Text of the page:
Yesterday, I finished Stephen King's latest novel, Fairy Tale. My good friend and A Most Horrible Library Cohost Chris gifted me a copy while we were hanging out in LaLaLand last month, and I tore into it on the plane home. This is the first new King I've read since 2010's Doctor Sleep; I say this not as a point of dismissal or obstinance, but to illustrate that, although I've loved every book by Stephen King I've ever read, I just haven't read enough of his work. I've always thought that eventually would like to read everything, but I rarely actually work on that. There are so many other authors I love as well, most considerably more "independent" than King, and I tend to fall sway to their work one right after the other. "First world problems" disclaimer aside, what a wonderful problem to have: how do I read everything I want to before I die?

Anyway,  all this talk is really just to set up the fact that I had no idea what I was in for with Fairy Tale. I should have guessed, because it's quite fantastic. 

The story remains rooted in its very human, very relatable characters and their lives dealing with grief and aging for nearly the first two hundred pages, and if that sounds like it might be too much set up, it's not. I could have read about Charlie, his father, Radar and Mr. Bowditch for the entire 600 pages. That story sets up the bigger picture, and once it gets going, there are quite a few white-knuckle moments in this one, and that's the kind of reading I really enjoy. The book is Epic, and as I've come to expect with Mr. King, his epics are among the most readable I've ever encountered.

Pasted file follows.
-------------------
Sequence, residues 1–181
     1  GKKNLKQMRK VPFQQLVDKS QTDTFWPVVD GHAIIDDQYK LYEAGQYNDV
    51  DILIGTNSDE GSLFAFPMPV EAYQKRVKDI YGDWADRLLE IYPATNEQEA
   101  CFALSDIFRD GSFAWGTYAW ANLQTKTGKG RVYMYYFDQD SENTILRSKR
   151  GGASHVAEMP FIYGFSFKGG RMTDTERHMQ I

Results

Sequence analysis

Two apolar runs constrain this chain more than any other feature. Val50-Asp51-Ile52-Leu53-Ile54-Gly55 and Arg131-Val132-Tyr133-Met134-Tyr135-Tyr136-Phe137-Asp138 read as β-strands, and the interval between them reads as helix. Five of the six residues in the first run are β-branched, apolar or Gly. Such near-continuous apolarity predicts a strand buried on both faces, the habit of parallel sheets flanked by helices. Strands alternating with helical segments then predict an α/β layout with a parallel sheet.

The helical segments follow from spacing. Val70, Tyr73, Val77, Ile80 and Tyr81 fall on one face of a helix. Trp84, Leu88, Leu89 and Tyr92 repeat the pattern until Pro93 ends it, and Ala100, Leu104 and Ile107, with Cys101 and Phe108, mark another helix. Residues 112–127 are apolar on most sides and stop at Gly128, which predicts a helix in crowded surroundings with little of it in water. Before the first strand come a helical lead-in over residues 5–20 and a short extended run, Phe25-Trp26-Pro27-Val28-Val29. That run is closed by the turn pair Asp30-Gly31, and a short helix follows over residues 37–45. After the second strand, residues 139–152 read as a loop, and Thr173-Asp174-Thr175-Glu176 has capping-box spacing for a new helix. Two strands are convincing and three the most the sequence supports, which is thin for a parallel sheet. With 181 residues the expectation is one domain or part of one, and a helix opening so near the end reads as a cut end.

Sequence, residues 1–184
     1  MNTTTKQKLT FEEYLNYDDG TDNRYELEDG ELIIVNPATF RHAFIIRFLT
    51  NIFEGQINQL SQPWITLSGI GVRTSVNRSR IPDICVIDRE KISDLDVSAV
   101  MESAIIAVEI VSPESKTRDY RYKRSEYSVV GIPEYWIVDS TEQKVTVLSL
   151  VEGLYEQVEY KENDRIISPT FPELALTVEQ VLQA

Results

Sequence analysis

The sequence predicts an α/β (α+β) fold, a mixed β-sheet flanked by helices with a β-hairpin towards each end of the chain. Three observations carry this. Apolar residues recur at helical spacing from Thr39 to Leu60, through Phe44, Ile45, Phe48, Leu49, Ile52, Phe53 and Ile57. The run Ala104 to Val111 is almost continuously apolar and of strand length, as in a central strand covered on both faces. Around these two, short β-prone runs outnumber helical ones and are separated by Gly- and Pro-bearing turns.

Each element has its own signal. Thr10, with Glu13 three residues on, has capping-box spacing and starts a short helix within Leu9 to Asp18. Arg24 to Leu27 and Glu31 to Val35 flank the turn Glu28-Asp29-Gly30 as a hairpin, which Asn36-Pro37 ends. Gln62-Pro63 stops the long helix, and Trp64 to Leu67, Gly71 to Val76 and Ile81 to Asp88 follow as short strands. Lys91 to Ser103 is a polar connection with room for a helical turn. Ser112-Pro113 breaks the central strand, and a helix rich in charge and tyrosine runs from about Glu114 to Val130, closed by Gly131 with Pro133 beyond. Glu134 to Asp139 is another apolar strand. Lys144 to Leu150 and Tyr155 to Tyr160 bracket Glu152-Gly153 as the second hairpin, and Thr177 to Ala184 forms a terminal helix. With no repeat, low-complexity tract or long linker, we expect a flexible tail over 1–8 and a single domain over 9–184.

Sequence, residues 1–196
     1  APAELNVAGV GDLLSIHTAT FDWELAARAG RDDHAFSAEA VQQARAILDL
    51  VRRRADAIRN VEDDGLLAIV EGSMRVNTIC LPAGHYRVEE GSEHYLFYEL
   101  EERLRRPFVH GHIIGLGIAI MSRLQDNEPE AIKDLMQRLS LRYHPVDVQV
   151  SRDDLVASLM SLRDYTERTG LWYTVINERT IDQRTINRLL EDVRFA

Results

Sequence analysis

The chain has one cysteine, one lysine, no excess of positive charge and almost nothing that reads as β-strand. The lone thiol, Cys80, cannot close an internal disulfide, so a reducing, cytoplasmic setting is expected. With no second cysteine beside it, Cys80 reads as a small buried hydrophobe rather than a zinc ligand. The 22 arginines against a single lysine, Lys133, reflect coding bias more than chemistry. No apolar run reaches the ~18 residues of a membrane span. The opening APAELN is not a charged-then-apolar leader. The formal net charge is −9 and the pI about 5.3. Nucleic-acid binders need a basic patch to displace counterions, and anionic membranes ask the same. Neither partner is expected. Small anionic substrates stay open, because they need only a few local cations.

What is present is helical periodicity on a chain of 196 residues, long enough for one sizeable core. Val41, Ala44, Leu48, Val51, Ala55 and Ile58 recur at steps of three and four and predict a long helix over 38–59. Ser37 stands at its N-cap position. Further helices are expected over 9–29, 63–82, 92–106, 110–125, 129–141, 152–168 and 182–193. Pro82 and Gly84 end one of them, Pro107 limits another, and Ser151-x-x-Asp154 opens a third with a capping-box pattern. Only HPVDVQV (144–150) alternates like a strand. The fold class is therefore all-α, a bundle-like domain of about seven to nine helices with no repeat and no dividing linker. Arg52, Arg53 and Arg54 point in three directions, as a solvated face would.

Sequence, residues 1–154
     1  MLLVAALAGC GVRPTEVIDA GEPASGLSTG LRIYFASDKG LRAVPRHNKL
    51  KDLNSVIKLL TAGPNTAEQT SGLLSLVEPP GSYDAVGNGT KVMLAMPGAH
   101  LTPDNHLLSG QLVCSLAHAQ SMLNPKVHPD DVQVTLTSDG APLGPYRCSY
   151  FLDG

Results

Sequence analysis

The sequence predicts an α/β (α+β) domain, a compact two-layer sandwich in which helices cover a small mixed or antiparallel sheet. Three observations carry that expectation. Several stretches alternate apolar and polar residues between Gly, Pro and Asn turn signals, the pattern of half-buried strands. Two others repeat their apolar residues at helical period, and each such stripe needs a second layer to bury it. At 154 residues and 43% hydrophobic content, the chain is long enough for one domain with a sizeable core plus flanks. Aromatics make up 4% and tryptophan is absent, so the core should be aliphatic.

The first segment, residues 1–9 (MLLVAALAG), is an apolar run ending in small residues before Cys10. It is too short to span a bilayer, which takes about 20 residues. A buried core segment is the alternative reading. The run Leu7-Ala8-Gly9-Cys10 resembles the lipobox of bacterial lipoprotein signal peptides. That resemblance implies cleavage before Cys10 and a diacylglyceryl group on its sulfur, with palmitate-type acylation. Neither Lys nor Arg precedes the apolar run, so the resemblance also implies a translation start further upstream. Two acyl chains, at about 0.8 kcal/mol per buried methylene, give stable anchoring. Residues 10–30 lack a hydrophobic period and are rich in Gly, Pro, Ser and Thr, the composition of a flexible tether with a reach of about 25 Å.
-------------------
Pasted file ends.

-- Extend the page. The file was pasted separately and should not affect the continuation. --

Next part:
Add into the mix the fact that the chapters are illustrated by Nicolas Delort and Locke and Key's Gabriel Rodriguez. King mentions in the afterward - which was just as enjoyable to read as the damn book, if considerably shorter - that the illustrations were key in giving the book the feeling of, well, old Fairytale collections, and I tip my hat to him at the wonderful attention to detail here; it just makes the book that much more enjoyable.

In 2010 I read Doctor Sleep and loved it, and now, thirteen years have passed without my even realizing and Fairy Tale blows me away. I've got a pretty intense list of reading planned for the next few months, but when the decks clear, I'm penciling in more King. I always forget just how much I love his writing.


Ruby the Hatchet - Fear is a Cruel Master
Better Lovers - 13 Under 30
AAWKS - The Electric Traveller (single)
AAWKS - (Heavy on the Cosmic)
Clutch - Blast Tyrant
Ruby the Hatchet - Planetary Space Chile
Led Zeppelin - Presence


Switching it up back to my original Thoth deck for today's Pull:

Creative breakthroughs can arrive at a destructive cost and often must be tempered by keeping one foot in the 'Real World.'

This feels like a nice little indictment of the creative process, or I guess more accurately, an acknowledgment that my work ethic is sound. I learned a long time ago not to mix heightened emotional or perceptive states with writing. Yes, both can be useful for ideas, but actual writing while intoxicated by either substances or emotions never produces sound work. Not sure why I'm being reminded of this now, other than maybe I just needed a nice Jungian pat on the back.